Wednesday, November 23, 2022

Australia 1.47°C warmer than it was when national records began in 1910, State of the Climate Report reveals

Let's try a little logic here. If the Australian temperature is .37 of a degree above the global temperature of 1.1 degree then a significant part of the Australian warming is NOT due to global influences. That being so, how do we know that ANY of it is due to global influences? Both the global and Australian temperatures could be random fluctuations and probably are. Fluctuations are common in the long-term global record. Temperatures over the last 100 years or so are just a recent uptick from the Little Ice Age

Australia is 1.47°C hotter today than it was just over 100 years ago, putting it ahead of the global trend of 1.1°C of warming, the biennial State of the Climate report released on Wednesday reveals.

The report, from the Bureau of Meteorology and CSIRO, revealed Australia as a whole is 1.47°C warmer than it was when national records began in 1910, although there is a margin of error of 0.24°C.

Most of that increase in warming has taken place since 1950, and every decade since the 1950s has been warmer than the one preceding it, the report stated.

Australia’s warming trend was seen across all months of the year, in both day time and night time temperatures, with a marked increase in the number of extremely hot days.

In 2019 – Australia’s hottest year – there were 41 extremely warm days, which the report said were “about triple the highest number in any year prior to 2000”.

While the temperature trend for the country has been uniform, with regards to rainfall the results are more mixed


Rising energy bills may derail green transition, cautions Origin Energy

Rising household energy bills this decade could spark a backlash against the move to renewables, Origin Energy said, while warning the exit of coal power plants may need to be delayed to safeguard the power grid.

Treasury has warned of a 56 per cent jump in power prices in the next two years, while Labor will intervene in Australia’s domestic gas market before Christmas to calm soaring prices.

The industry needs to invest $76bn by 2030 to achieve the energy transition under Labor’s Powering Australia policy, but Origin argues companies face a challenge meeting that goal while also keeping a lid on high energy costs.

“Delivering the energy transition, given the scale of investment required, will undoubtedly create upwards pressure on energy bills,” Origin chief executive Frank Calabria told a CEDA forum on Tuesday.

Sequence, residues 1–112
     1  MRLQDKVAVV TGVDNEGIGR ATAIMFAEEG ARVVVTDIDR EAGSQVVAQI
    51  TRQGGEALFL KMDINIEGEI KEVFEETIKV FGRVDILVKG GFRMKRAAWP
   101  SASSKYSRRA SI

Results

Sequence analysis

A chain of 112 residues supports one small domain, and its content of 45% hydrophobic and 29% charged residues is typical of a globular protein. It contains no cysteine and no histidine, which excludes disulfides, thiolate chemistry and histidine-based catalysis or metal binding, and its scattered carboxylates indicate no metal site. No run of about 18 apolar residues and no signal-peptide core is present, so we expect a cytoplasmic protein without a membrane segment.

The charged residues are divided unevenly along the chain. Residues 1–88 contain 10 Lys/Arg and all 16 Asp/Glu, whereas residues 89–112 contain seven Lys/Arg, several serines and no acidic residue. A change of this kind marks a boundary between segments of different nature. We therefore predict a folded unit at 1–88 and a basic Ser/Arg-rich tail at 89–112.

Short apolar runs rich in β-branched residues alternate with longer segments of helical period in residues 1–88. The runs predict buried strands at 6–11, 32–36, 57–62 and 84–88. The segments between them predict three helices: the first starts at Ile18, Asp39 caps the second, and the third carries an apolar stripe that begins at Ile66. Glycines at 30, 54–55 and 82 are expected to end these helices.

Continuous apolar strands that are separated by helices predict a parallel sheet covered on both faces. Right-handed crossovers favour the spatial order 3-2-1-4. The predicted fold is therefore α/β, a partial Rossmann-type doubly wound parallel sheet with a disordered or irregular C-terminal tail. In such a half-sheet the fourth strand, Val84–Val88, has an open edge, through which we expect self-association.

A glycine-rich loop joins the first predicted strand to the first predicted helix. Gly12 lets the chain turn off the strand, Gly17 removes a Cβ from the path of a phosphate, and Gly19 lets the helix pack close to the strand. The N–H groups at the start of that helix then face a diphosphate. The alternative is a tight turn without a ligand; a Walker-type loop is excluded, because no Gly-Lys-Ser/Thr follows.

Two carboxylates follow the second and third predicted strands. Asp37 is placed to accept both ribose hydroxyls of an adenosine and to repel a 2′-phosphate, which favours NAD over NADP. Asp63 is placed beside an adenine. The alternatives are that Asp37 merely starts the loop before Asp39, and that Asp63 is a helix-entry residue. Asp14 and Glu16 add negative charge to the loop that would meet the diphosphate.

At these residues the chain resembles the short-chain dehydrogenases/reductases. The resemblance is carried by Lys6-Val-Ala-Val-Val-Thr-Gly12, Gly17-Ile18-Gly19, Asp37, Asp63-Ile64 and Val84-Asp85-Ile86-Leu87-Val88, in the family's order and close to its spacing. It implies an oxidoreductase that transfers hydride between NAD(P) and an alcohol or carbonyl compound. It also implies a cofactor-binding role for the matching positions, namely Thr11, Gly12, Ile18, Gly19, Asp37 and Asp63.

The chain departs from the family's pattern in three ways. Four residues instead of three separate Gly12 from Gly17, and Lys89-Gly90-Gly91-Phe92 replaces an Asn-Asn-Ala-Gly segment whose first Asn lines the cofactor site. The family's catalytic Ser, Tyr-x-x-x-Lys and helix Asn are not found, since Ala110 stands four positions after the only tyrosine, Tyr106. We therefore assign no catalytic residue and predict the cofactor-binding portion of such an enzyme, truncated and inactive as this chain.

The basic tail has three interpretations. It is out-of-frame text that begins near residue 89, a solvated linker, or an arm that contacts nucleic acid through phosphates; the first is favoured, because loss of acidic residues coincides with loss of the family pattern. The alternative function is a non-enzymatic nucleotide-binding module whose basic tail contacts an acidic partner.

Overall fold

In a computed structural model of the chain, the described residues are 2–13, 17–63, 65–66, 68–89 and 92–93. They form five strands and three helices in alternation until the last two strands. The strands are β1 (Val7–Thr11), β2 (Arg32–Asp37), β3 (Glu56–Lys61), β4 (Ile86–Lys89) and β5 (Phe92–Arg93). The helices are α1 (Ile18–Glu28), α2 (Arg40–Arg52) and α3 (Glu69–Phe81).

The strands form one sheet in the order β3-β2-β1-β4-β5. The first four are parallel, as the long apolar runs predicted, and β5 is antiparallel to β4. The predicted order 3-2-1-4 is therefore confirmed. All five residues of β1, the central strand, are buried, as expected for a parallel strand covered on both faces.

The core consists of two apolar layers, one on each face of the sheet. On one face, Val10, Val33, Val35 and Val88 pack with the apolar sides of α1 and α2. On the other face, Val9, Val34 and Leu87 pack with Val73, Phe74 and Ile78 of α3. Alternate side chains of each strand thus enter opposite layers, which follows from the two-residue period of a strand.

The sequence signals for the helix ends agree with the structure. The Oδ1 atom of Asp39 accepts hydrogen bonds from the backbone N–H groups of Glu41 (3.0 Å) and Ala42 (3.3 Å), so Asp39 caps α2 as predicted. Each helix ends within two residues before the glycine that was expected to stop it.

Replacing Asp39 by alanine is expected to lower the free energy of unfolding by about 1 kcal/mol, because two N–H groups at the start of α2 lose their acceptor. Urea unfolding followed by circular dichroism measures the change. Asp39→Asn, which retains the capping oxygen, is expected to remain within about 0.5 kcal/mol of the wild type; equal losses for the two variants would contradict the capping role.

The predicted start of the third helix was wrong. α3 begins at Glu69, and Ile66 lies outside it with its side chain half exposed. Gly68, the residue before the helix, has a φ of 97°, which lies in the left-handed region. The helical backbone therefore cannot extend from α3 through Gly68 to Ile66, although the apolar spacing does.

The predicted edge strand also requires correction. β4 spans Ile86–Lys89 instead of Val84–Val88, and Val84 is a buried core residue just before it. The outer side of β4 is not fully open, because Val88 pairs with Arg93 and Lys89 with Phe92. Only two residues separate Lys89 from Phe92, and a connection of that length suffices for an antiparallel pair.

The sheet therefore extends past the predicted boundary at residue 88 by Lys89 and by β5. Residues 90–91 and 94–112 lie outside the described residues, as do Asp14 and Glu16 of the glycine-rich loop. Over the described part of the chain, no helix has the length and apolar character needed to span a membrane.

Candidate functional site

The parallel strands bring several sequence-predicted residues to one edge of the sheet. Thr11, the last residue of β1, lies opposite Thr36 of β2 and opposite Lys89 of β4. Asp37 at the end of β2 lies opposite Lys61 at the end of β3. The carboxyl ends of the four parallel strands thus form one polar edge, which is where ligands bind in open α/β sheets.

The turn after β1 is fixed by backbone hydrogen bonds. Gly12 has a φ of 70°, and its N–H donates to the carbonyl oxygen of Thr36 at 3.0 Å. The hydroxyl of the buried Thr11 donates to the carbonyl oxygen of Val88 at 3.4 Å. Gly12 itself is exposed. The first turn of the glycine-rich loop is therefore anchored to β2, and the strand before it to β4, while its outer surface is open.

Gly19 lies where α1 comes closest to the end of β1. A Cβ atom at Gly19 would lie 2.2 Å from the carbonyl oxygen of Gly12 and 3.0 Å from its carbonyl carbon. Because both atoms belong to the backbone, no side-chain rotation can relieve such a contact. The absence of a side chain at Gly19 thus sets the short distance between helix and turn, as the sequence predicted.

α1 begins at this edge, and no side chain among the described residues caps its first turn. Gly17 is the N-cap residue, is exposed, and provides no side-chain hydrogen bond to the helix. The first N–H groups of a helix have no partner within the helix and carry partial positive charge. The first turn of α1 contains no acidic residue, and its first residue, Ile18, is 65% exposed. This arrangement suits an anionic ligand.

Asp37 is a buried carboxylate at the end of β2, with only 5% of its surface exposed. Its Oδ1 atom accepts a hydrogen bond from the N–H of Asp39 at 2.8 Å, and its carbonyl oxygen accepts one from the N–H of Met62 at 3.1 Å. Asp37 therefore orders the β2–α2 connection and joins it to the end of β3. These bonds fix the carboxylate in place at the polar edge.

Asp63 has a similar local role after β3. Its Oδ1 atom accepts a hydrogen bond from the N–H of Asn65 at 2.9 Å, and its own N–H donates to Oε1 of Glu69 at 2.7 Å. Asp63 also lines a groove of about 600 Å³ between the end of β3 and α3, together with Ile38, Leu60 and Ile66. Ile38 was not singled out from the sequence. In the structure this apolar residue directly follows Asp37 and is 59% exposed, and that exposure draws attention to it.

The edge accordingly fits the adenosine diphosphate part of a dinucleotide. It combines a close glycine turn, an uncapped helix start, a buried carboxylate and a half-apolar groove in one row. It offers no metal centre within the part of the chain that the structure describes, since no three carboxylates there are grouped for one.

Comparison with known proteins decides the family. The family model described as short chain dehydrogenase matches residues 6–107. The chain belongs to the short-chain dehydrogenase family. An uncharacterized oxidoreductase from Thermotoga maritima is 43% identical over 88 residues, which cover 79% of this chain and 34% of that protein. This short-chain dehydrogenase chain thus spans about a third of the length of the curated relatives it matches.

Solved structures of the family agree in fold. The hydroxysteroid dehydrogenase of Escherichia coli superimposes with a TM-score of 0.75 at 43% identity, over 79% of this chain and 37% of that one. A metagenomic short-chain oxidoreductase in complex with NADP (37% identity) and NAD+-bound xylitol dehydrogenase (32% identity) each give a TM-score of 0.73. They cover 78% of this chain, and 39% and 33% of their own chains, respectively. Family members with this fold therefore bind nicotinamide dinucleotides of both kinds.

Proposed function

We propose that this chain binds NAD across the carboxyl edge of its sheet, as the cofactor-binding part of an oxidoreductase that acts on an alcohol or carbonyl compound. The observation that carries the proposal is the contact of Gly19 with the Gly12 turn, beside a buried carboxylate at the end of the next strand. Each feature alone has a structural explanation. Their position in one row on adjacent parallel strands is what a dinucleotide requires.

“I fear rising energy prices could erode community support for the transition – a task that can only be delivered with co-ordination and commitment across governments, the private sector, market operators, regulators and communities.”

Origin, juggling a $18.4bn takeover bid from Brookfield and EIG, said the industry must be upfront with consumers over the cost of the move to green energy.

“We must be honest about the likely impact on bills over the short- to-medium-term to reduce bill shock,” Mr Calabria said.

“We must consider what levers are available to ease cost inputs right across energy bills, while implementing additional support for those in our community least able to pay.”

Gas consumers also face a big financial hit, with tariffs expected to increase by 20 per cent this year and in 2023-24 due to an ­ongoing supply crunch on the ­nation’s east coast and near-­record LNG prices filtering through to the local market following Russia’s invasion of Ukraine.

Origin raised concerns over a planned intervention in gas markets by the Albanese government, warning it was worried about the “unintended consequences” of a price cap being introduced.

“We want to be a good international player. We want to make sure supply is available. And I think we don‘t want to have unintended consequences,” Mr Calabria told reporters on Tuesday.

It also weighed in on the vexed issue of coal plant retirements noting coal closure time frames had accelerated this year with some 17GW of supply expected to exit the market by 2035.

Origin itself brought forward the closure of the nation’s largest coal power station, NSW’s Eraring, by up to seven years to August 2025 to meet green goals and focus on clean energy generation. A decision on whether to keep the plant open would be made several years in advance, according to the Origin chief, suggesting a mid to late 2023 deadline.

Mr Calabria said the scale of coal exits out through 2035 may require a reversal of some retirements should not enough replacement supplies be in place.

Consideration “must be given to the cumulative impact of these closures on the market alongside the prospect of delays to new infrastructure coming online,” Mr Calabria said.

“There may be a requirement to delay the exit of some of these coal units, and only for as long as needed, to maintain the security and reliability of the national electricity market.

“These policies will need to be flexible, with consideration given to commercial factors like compensation for costs incurred in running uneconomic plants, as well as the need to retain coal plant workers, secure coal supply contracts, and many other related matters,” Mr Calabria said.

Origin said it was worried about the nation failing to achieve its renewable supply targets against a backdrop of having to triple capacity by 2030.